Q: WHAT HAPPENS TO MY MOUTH WHEN I SMOKE? 

A: Smoking reduces blood flow, and with it the supply of important nutrients to your gums and bone around the teeth. Smoking facilitates the accumulation of bacteria in plaque, reduces the amount of saliva in your mouth, and the heat from smoking causes the death of important cells in your mouth. Saliva reduction increases the likelihood of tooth decay. Nicotine and tar discolor your teeth, and the tar will adhere to the crevices in the teeth. The roof of your mouth will become inflamed and turn red. Smokeless tobacco eats away the gums, and the site where it is placed is 50 times more likely to develop oral cancer. Lastly, cigars are not a safe alternative to cigarettes as they also contribute to increasing the risk of oral, lung, larynx and esophageal cancers. Removing the stain off the teeth will be temporary if one does not quit cigarette smoking. 

Q: WHAT CAN I DO TO RELIEVE DENTAL ANXIETY? 

A: In general, avoid caffeine and sugary foods before a dental appointment. Eating high-protein foods produces a calming effect on the body. During your appointment focus on breathing to keep your oxygen levels normal, thus decreasing the feeling of anxiety. Also, some dentists prescribe and administer medications to help patients relax during a dental appointment. Speak to Dr. Bustamante about your fears so that he may address your concerns and answer any questions you have. 

Q: WHAT DO HORMONES HAVE TO DO WITH A WOMAN'S ORAL HEALTH?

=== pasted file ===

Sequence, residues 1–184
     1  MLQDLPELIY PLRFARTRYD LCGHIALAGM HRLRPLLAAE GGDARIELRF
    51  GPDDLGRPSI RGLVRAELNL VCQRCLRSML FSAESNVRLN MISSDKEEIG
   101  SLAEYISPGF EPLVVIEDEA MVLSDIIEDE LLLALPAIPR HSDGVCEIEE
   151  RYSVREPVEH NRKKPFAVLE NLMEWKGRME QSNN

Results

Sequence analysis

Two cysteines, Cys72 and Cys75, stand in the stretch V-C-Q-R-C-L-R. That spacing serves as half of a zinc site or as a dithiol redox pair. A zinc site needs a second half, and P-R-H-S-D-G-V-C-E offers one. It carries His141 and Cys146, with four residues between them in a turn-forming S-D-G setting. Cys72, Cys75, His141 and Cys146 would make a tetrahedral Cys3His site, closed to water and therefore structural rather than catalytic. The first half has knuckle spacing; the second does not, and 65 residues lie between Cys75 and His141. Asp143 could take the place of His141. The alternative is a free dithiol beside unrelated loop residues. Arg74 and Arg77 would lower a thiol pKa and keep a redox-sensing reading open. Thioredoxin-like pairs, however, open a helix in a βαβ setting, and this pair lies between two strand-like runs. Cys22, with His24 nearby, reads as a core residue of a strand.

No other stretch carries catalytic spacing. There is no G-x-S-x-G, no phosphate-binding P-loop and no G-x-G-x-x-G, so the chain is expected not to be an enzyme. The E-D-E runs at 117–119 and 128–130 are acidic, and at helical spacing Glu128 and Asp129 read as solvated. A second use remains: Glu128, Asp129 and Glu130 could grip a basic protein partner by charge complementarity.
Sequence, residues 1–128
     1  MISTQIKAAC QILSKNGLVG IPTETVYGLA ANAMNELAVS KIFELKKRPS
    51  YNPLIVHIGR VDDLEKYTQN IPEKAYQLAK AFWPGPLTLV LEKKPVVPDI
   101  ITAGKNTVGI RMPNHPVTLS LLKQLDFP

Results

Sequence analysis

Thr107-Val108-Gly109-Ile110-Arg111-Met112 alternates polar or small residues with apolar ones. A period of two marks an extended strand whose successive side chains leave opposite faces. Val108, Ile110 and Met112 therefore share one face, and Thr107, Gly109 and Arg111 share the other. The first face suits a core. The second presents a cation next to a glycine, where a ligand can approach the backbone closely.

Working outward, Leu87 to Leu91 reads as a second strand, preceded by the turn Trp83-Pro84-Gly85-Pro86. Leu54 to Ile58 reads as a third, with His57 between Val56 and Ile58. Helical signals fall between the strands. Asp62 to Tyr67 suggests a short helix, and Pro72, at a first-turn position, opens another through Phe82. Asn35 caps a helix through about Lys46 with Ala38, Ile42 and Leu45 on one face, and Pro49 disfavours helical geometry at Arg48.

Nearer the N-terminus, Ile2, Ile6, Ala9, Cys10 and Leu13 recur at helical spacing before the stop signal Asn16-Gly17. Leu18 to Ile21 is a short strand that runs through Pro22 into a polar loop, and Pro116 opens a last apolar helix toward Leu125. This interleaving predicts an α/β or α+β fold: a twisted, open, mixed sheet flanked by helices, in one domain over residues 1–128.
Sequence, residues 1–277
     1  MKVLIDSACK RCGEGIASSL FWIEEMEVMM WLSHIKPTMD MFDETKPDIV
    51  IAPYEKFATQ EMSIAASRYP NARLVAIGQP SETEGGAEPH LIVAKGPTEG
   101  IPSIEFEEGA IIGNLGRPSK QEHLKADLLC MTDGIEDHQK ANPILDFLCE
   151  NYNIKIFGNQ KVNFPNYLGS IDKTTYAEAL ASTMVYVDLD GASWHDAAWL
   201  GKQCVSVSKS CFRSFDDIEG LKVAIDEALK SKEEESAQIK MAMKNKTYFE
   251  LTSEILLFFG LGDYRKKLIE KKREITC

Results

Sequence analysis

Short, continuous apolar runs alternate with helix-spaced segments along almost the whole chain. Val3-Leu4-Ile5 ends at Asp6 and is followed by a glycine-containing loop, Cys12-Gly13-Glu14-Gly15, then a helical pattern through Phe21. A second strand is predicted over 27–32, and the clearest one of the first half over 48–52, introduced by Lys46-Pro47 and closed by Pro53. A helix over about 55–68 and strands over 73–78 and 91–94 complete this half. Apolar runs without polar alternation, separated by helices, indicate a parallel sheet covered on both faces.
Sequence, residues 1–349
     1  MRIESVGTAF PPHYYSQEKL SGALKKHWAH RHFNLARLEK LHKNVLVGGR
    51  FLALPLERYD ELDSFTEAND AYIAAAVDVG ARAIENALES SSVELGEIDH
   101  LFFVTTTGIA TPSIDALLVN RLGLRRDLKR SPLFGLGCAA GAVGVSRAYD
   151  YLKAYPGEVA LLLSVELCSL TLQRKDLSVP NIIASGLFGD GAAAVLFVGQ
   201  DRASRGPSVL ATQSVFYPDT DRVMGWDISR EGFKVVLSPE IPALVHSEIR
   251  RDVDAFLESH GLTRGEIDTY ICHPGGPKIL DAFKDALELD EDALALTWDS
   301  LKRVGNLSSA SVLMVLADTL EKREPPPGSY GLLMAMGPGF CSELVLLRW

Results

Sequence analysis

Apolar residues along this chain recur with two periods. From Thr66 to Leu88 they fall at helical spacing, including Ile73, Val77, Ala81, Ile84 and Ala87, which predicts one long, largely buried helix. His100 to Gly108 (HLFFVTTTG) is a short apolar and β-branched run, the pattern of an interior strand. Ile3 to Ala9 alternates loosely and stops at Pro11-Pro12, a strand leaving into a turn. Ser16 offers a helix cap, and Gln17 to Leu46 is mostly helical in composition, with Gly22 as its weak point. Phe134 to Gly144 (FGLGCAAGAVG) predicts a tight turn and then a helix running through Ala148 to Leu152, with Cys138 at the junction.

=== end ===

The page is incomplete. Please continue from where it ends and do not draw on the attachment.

A: Hormonal fluctuations can bring about changes in women's oral health. During puberty, hormonal fluctuations may gums susceptible to gingivitis, making your gums appear red and swollen. Menstruation can bring about increased development of cold sores and canker sores. Pregnancy is associated with a very common form of gingivitis conveniently known as "pregnancy gingivitis". During this period, women may also experience dry mouth, which puts her at risk of gum infections and decay in her teeth. Oral contraceptives may cause gum tissue changes and may slow down healing of tooth extraction sites (dry socket). Menopause may bring oral changes that include pain, burning sensation of the mouth, changes in taste and dry mouth. You and Dr. Bustamante can create a treatment and prevention plan that can help you maintain good oral health throughout your life. 

Q: WHAT DO I DO WHEN A TOOTH IS KNOCKED OUT? 

A: Immediately call Dr. Bustamante for an emergency appointment. Only touch the crown of the tooth because touching the root will damage the cells necessary for bone reattachment. Gently rinse it in water to remove dirt, but DO NOT scrub it. Place the tooth in your mouth, between your gums and cheek to keep it moist, or else immerse it in milk. Getting to your dentist within 30 minutes can make a difference between saving and losing a tooth.